K.G. George: The master storyteller on celluloid

George, despite winning nine state awards and a national award, is not well-known outside Kerala, which has given India some of its finest film makers


K.G. George. Photo: Wikimedia Commons
K.G. George. Photo: Wikimedia Commons

Bengaluru: The Kerala government has conferred the J.C. Daniel award on veteran film maker K.G. George but critics say the recipient of the state’s highest film award has hardly been studied—just like Daniel himself.

Daniel is the first film maker from Kerala and is considered the father of Malayalam cinema. George, despite winning nine state awards and a national award, is not well-known outside Kerala, which has given India some of its finest film makers.

Who is George?

Kulakkatil Geevarghese George is thought to have made game-changing contributions to Malayalam cinema. A graduate in political science and a gold medal winner in film direction from the Film and Television Institute of India, he made some of the biggest classics in Malayalam cinema that won both critical and popular acclaim.

According to Kalavoor Ravikumar, a writer and movie director, George is the best scriptwriter in Malayalam cinema.

“George is, above all, a master scriptwriter. He wrote the script of all his movies. At his time, art house and commercial were two watertight compartments in regional cinemas like Malayalam. George brought those audiences together, without compromising an inch in detailing, both on the storyboard and on the frame,” says Ravikumar.

Earlier this year, in May, 10 critics selected George’s script for his 1986 psychological thriller Irakal as the best-ever original screenplay in Malayalam cinema. “Never in the history of Malayalam cinema has there been another screenplay that is so taut in its structure and so stark in appeal. It offers a gripping visual tale of an entire culture that could not have been told any better. The script is brilliant in carving out a grim reality, while capturing the sparse poetry, poignancy and complexity of human life,” wrote one of the critics, Meena T. Pillai, director of Kerala University’s Centre for Cultural Studies.

Since his first movie, Swapnadanam in 1975, George has made 18 other movies in a career spanning 23 years including Adaminte Vaariyellu, Lekhayude Maranam Oru Flashback, Panchavadi Paalam, Mattoral and Yavanika.

Out of them, many like Yavanika were not only a blockbuster, but also won many state awards—a relative rarity in regional cinema.

Before him, many directors in Kerala would hire well-known authors such as M.T. Vasudevan Nair to write their scripts.

But George wrote or co-wrote all his scripts—something he credited to Japanese film maker Akira Kurosawa and Italian director Federico Fellini, his two inspirations who are known for doing the same thing.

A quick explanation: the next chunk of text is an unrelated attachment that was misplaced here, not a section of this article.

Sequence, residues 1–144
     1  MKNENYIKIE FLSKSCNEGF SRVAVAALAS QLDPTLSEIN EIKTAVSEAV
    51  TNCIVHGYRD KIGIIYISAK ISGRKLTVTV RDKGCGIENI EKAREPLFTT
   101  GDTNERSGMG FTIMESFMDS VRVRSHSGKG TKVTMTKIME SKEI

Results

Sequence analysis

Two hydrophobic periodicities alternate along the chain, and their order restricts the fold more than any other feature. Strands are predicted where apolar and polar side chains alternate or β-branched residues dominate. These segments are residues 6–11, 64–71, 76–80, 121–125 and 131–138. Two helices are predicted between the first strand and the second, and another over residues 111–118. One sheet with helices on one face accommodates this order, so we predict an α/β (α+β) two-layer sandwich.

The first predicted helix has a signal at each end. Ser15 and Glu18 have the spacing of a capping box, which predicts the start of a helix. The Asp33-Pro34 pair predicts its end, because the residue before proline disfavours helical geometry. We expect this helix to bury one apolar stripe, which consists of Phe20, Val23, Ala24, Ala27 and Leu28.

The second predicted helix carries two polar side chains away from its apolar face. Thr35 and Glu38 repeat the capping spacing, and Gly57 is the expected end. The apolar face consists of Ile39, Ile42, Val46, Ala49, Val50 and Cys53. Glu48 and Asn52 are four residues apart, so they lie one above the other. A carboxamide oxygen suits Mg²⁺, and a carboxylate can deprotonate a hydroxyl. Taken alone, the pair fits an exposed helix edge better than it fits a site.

His movies fall in a wide range of genres, with a slant on psychology and violence in all. Some of them have acquired a cult status for the power of the illusion they create. He has also mentored actors, writers, and directors, including some who have gone on to become some of the Kerala film industry’s best-known. They include actor-producers Bharat Gopi and Mammootty and actor Thilakan.

“Any movie director or writer you ask, George will be the first name they will cite as their inspiration, although he is not recognized enough by the government and the movie industry like some other celebrated film makers,” says S.R. Praveen, journalist and film critic at The Hindu newspaper.

George’s movies were path-breaking not only because they were brilliantly told but also because they had bold stories and characters that mainstream filmmakers would usually hesitate to put on cinema. In that sense, he unleashed a new wave in Malayalam cinema, says Shahina Rafeeq, writer, film critic and short story writer.

“Look at his characters. The hero in one of them is a dwarf (Mela), the heroine in another is a married woman who elopes with another man (Mattoral). Looks at his stories, he introduced psychoanalysis as a plot element for the first time in Malayalam (Swapnadanam), another one is an invocation of Sanjay Gandhi’s Emergency era violence by showing a family (Irakal), another one ends with hundreds of women running out of a rescue home kicking out George and his crew on the way,” says Shahina, who is currently working on a documentary about George’s work currently.

George, who is 70 now, slowly receded to a private life saying move stars were increasingly meddling with scripts and also because of deteriorating health. He wrote a series of autobiographical articles in 2011 in regional magazine Deshabhimani, where he spoke about his initial struggle to get into a theatre to watch a film. Born and brought up in Thiruvalla in central Kerala’s Kottayam district, the nearest theater to his house was 10km away. It meant a train journey, to pay for which he worked as a painter.

“A great film begins with a good script. Almost all of my works have been adjudged as good scripts. But I still don’t know how to explain what makes a great movie. It isn’t enough to shape up good stories, a filmmaker should have the ability to portray and tell them in a different manner,” George wrote.

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